Chapter

International Political Architecture the United Nations

Balmiki Prasad Singh

in Bahudhā and the Post 9/11 World

Published in print March 2008 | ISBN: 9780195693553
Published online October 2012 | e-ISBN: 9780199080328 | DOI: http://dx.doi.org/10.1093/acprof:oso/9780195693553.003.0011
International Political Architecture the United Nations

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The United Nations (UN) was formed on 24 October 1945. In the preceding six years, the world had witnessed several million deaths and enormous suffering caused by the use of force aimed at imperialist conquests. Against this backdrop, the victorious Allies felt the need for an international organization that not only brought the nations together but also made sure that the structure of the global political system would leave no loopholes for ambitious leaders to order their armed forces to cross borders and wage devastating wars. This chapter examines the achievements and the shortcomings of the UN, the Bretton Woods Institutions, the Iraq invasion, and the bahudhā philosophy. The core philosophy of the UN reflects a pluralistic vision of the world where the aspirations of every state can be accommodated. This is in conformity with the bahudhā philosophy that emphasizes inclusiveness of all people, all societies, and all natural objects.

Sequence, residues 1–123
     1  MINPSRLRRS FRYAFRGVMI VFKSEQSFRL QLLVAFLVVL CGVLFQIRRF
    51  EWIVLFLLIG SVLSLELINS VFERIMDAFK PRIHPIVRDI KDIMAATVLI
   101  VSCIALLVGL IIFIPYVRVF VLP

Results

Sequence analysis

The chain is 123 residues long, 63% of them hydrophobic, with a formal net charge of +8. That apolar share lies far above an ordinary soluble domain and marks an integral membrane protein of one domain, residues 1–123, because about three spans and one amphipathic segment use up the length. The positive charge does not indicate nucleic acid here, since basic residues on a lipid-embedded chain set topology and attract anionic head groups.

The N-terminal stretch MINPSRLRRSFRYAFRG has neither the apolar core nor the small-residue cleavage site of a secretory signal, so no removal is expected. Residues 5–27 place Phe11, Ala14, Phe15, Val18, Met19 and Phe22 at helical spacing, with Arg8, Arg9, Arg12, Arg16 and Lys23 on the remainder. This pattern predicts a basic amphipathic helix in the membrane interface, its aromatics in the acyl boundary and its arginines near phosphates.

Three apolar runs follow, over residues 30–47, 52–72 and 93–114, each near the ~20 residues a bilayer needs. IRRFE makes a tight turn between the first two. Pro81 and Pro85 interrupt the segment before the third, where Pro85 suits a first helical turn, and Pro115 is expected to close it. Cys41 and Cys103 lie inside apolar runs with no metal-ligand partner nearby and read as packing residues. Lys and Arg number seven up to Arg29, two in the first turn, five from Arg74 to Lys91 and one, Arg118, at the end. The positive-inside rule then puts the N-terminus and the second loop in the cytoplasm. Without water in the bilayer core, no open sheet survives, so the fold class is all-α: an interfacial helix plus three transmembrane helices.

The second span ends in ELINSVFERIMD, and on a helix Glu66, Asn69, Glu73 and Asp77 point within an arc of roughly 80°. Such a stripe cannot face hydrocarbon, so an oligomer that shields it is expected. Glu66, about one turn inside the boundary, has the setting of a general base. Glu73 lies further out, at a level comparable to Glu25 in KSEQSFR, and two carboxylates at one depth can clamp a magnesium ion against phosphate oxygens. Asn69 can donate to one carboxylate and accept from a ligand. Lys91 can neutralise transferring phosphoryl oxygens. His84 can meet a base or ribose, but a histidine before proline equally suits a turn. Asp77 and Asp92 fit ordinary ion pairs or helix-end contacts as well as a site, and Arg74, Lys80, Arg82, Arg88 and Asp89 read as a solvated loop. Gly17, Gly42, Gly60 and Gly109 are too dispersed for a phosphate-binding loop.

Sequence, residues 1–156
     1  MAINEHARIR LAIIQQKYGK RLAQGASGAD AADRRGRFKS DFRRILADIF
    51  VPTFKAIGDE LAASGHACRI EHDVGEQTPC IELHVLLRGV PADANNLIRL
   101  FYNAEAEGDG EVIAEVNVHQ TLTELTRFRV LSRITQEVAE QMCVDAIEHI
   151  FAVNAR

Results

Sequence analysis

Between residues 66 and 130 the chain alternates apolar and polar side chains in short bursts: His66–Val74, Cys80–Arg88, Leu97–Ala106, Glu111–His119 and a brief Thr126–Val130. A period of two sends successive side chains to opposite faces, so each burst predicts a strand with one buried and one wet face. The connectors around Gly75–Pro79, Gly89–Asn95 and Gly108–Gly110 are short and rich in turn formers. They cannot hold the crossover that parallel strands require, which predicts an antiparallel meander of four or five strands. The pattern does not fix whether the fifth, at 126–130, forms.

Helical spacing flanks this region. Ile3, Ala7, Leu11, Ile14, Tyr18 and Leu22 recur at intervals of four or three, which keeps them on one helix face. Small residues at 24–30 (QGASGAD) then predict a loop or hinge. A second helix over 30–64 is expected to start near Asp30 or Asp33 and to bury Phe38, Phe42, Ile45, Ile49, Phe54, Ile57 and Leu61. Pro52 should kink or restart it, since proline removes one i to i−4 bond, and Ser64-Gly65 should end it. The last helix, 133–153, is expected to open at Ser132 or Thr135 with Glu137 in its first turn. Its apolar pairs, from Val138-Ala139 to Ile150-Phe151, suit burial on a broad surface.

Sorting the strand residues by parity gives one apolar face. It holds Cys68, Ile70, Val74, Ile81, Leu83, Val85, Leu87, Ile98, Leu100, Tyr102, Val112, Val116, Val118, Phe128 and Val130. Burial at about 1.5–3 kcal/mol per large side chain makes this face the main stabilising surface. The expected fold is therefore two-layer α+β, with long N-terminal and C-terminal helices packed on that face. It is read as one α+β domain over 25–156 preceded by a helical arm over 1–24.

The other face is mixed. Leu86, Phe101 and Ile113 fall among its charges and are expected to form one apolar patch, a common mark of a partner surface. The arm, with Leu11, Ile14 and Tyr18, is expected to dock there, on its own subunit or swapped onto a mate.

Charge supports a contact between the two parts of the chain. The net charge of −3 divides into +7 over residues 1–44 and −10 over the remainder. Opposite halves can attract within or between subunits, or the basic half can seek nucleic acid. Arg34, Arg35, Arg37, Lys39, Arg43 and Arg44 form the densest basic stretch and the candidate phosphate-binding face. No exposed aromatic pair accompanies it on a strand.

Keywords: Allies; global political system; Iraq invasion; bahudhā; UN; Bretton Woods

Chapter.  12137 words. 

Subjects: Philosophy of Religion

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